Volume 30 Number 6
Editor's Note - Defragmenting Windows
By Michael Desmond | June 2015
Just about every year I travel to the Microsoft Build conference to take in the Microsoft message to developers, and just about every year I leave impressed with the event, the audience and the speakers. Build is one of those all-in moments for Microsoft. The pace of work around Redmond heightens ahead of the conference, as product teams finalize their plans and presentations. There’s an urgency around Build, one that comes from understanding how important the conference is to developer decision making over the year to come, and beyond.
And make no mistake, this Build conference was incredibly important. The universal apps strategy that Microsoft articulated around Windows 10 during the three days in San Francisco is both elegant and focused. It offers developers consistent, durable targets in the form of the Universal Windows Platform (UWP), device-specific API extensions and robust XAML-based UIs. The new strategy ably integrates both native Windows Runtime apps and—I hesitate to say the word—legacy .NET and Win32 applications as co-first class citizens. Gone are the days of Silverlight and XNA on Windows Phone, and the odd Berlin Wall that stood between Windows Runtime and traditional Windows apps under Windows 8 and 8.1 on the desktop.
Fixing the divide that Microsoft created within itself will take time, but the payoff is potentially immense. Developers will soon be able to write Windows apps that can run, unmodified, on all flavors of Windows, from Windows PCs and tablets to Windows Phones, to Xbox game controllers and a variety of other Windows-supported device targets. At the same time, Microsoft is working to make Windows a convenient target for iOS and Android mobile developers.
Al Hilwa, program director for Software Development Research at research firm IDC, describes the new Universal Windows apps model as “a triumph.”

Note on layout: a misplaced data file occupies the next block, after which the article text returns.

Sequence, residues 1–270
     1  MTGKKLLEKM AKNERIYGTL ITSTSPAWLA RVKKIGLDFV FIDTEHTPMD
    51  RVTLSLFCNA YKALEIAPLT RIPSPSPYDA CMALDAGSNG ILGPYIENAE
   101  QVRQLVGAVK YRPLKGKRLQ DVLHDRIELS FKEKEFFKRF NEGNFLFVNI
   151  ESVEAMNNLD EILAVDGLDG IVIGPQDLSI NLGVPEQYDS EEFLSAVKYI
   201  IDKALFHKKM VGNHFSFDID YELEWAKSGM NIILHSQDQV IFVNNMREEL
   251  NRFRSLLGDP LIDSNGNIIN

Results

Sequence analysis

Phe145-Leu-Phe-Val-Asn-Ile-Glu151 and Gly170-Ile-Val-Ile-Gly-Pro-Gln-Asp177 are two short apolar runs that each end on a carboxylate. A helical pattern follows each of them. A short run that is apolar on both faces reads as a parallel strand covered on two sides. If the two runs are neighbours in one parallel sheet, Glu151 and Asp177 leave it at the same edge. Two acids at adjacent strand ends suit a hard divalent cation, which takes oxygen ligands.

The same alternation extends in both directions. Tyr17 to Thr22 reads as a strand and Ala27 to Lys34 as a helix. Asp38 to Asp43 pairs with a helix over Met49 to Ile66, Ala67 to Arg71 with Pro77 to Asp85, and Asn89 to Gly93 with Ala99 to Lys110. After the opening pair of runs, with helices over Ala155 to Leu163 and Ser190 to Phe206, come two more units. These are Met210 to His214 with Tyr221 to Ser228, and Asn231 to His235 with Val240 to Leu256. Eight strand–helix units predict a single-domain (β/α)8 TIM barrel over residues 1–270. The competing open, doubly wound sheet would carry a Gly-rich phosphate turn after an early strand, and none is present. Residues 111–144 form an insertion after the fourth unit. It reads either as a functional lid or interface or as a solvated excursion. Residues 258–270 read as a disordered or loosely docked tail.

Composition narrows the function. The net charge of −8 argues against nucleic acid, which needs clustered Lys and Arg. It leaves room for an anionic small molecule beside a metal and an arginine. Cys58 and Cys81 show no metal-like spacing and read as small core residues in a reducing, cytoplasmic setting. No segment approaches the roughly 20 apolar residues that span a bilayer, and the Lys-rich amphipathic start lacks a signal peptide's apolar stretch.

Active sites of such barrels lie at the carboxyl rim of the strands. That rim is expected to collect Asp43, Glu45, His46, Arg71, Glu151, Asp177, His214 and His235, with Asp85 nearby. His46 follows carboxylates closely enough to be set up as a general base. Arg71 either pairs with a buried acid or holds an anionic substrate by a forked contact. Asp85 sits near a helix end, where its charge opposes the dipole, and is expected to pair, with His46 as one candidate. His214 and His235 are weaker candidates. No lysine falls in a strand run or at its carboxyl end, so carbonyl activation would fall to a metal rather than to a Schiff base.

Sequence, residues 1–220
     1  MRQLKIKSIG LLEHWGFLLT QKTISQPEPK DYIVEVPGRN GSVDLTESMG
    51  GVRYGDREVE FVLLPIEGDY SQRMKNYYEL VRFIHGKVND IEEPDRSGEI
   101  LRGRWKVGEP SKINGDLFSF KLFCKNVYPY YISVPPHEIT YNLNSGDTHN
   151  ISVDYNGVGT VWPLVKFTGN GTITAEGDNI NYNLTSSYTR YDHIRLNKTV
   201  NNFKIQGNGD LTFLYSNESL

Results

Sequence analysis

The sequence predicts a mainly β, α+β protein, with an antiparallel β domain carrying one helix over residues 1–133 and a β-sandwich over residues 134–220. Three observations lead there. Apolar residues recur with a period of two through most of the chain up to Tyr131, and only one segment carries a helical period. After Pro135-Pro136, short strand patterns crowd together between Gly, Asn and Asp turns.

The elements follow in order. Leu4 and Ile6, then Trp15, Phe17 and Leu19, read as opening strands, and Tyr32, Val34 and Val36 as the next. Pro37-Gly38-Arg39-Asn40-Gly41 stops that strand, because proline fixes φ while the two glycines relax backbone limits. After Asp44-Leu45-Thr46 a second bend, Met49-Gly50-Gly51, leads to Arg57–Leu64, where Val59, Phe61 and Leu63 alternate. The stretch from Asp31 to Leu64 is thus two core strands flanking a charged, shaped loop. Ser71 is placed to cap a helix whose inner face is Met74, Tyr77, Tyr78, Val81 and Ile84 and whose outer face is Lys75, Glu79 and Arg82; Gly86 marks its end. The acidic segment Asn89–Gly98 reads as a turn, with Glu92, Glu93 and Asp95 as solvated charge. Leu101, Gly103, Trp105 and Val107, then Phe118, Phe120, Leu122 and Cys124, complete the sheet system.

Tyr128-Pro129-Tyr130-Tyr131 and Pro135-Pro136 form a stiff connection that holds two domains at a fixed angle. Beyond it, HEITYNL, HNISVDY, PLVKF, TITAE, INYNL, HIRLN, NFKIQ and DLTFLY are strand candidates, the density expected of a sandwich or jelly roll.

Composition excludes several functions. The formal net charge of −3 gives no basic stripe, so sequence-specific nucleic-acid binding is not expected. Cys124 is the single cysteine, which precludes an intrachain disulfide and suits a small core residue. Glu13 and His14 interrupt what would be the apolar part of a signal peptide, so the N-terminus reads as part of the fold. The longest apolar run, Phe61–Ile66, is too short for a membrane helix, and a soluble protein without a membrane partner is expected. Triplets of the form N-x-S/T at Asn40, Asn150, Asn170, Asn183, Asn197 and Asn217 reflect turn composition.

“I think if you look at the totality of what they have done in terms of increasing the attractiveness of the platform to developers, it is one of the most massive and widespread outreach efforts I have ever seen in the industry,” Hilwa says. “They have constructed pathways to bring code from various platforms into Windows, including classic Win32 and .NET apps. They have brought support to a broader set of programming languages ranging from Web and C++ through to Objective C with Microsoft’s tools. They have reached out to the Android ecosystem to support working with other IDEs like Eclipse and IntelliJ, which is the basis for Android Studio today. And, finally, they have partnered deeply with Xamarin to make sure that C# (and F#) developers have a strong toolchain to bring their apps to other platforms.”
In short, Microsoft is defragmenting the Windows platform, and in the process offering developers more reasons than ever to support it. The scope and scale of the plan is impressive, says Billy Hollis, a partner at Next Version Systems and an expert on UI development.
“Microsoft’s keynote at Build had more innovation than anything I’ve seen from them since PDC 2000,” Hollis says, referring to the Professional Developers Conference where the company first announced the Microsoft .NET Framework.
I wonder if, 10 years from now, we’ll look back on Build 2015 the same way we do at PDC 2000 today, as the moment when Microsoft rolled out a game-changing dev strategy. What do you think of the Microsoft Universal Windows apps vision? E-mail me at firstname.lastname@example.org.
Michael Desmond is the Editor-in-Chief of MSDN Magazine.